Make a living work of art
By: Garden Gate staff
| 1 of 7
Make a living work of art
A privacy fence makes sitting in your backyard a little more relaxing — you have the space all to yourself. The downside is that you may end up staring at a big, blank wall. Crank the décor up a notch by making this unique living wall planter made from a board, an inverted hanging basket and plants.
Succulents are the common-sense choice for this project. They don’t need a lot of water and actually do best with the good drainage a coco fiber-lined basket provides. In addition, the variety of leaf shapes and colors you can find is amazing, and most plants grow slowly enough that they’ll hold those interesting shapes for much of the growing season.
Click ahead to learn how to build it.
| 2 of 7
Tools and materials
Gather your tools and materials.Take a look at the photo and list below to make sure you have everything you need.
- 12-in. metal hanging basket with coco liner
- Z-bar bracket
- 2 parts potting mix, 1 part sand
- Outdoor paint, brush
- Hammer, screwdriver, steel staples, zip ties, scissors, landscape staples
- 18 × 24-in. sheet of coco liner
- 16 × 16-in. piece of treated plywood
- Assorted succulents and sedums
| 3 of 7
Build the basket
Start by painting a 16-in. square piece of treated plywood with outdoor paint. When it’s dry, turn it over and attach one of the Z-bar brackets (found at your local hardware store) to the back. The other one goes on the wall where the basket will hang. This bracket is strong enough to support the weight of the basket and hold the board flush against the privacy fence.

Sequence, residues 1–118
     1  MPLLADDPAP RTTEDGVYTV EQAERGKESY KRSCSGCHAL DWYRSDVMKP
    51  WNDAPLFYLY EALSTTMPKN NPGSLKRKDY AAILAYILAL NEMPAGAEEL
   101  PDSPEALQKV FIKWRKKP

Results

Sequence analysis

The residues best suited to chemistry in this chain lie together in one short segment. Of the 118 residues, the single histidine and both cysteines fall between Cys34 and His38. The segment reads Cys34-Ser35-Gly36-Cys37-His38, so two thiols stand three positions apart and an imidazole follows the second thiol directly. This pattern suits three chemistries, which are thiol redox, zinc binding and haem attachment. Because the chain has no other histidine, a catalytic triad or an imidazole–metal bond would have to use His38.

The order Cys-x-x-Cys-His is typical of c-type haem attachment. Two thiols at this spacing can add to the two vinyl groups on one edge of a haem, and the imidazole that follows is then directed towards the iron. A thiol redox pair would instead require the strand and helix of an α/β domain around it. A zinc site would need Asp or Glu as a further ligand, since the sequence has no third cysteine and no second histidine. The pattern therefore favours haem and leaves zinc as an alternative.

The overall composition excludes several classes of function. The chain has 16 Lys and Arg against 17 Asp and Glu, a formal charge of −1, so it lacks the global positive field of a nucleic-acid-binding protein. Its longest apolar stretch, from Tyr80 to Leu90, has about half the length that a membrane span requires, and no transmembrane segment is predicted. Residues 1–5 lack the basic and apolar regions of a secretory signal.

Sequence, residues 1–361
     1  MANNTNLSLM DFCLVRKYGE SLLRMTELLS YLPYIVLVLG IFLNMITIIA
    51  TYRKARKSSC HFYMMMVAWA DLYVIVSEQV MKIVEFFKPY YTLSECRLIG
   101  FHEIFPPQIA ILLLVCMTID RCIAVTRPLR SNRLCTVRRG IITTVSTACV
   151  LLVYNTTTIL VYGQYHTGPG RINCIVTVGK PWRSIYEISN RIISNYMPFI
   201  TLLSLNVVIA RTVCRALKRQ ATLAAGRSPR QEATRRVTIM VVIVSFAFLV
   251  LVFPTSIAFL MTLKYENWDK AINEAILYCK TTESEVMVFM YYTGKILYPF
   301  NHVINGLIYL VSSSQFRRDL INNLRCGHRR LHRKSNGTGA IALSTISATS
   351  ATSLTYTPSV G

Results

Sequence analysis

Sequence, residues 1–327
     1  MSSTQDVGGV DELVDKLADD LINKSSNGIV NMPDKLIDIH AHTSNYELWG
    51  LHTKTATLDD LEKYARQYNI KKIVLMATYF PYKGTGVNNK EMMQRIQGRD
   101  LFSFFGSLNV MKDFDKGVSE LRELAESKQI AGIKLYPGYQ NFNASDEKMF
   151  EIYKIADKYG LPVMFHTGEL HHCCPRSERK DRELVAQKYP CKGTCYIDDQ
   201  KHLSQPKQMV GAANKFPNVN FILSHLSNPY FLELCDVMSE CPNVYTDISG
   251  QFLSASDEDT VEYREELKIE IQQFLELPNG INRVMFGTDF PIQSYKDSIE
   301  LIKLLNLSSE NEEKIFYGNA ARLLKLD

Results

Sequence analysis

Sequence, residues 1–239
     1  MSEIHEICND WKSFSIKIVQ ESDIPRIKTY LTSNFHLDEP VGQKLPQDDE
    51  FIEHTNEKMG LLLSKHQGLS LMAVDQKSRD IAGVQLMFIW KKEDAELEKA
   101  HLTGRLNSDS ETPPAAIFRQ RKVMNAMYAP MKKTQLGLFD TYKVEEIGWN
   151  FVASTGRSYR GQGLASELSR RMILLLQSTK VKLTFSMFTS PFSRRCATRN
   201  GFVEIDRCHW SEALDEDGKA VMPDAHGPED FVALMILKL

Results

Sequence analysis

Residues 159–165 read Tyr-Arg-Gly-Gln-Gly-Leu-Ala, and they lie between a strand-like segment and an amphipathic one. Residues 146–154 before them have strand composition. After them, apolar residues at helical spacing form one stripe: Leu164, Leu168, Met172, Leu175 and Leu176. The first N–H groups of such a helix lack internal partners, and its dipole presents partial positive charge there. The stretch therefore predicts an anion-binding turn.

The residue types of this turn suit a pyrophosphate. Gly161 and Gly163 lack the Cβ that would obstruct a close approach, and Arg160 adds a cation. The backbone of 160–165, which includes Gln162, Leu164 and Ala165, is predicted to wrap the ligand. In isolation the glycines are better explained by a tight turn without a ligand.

Remove the hanging basket’s chain. Premoisten the potting mix so it’s damp but not soupy. Add some to the basket and press it in firmly with your hand. You want to get as much potting mix into the basket as possible so it won’t settle, leaving gaps when you turn it over and start planting. If there’s space between the mix and the edge of the basket, add more.
| 4 of 7
Secure the basket
Cut a circle from the sheet of coco liner that’s a little larger than the size of the hanging basket opening. The color doesn’t matter since it won’t be seen later.
Next, fasten the zip ties to the basket’s lip. Push any coco liner that’s sticking out under the edge of the basket. This will keep all that potting mix from spilling out of the basket. Then string the zip tie through both layers of liner. Space them a couple of inches apart around the basket.
| 5 of 7
Secure the basket
Now lay the painted board on the mouth of the basket, grab hold with both hands and flip it over. Pound heavy-duty 9-gauge galvanized steel staples in around the edge to keep the basket securely fastened to the board.
| 6 of 7
Plant the succulents
Coco liners are so dense that you can’t just pull them apart with your fingers — use scissors to make a hole instead. You can poke the blades into the liner to cut a slit 3 to 4 in. long. That makes it easier to pull back the sides and create a planting space.
Once you have a spot in the liner ready, tip the plant gently out of its nursery pot. If the potting mix falls apart, like it did for this echeveria (Echeveria hybrid), just slip the roots into the prepared hole right away so they don’t dry out. Alternately, you may need to gently squeeze the root ball to get it in the planting hole.
Since this basket will be hanging on a wall, some of the plants might need help initially to stay in place. Keep top-heavy succulents secure by gently pushing a landscape staple over a leaf or two.
| 7 of 7
After filling the basket with succulents, leave it sitting flat, as it is here, and water. Give plants a week or so in a sheltered spot out of direct sun to settle in and start growing roots before you hang it.
Choose a place that gets morning sun or bright dappled shade. And you shouldn’t have to water more than once a week, even in the heat of summer. Succulents are drought-tolerant and will rot with too much water. You may need to take the planter off the wall to get an even application with the hose. Or use a watering wand with a gentle shower setting. If you expect several days of rain, move your living art to a sheltered spot.
It is possible to overwinter this planting in cold climates. However, most succulents stretch and get gangly even under grow lights so your best bet is to disassemble it in fall and start fresh again the following spring.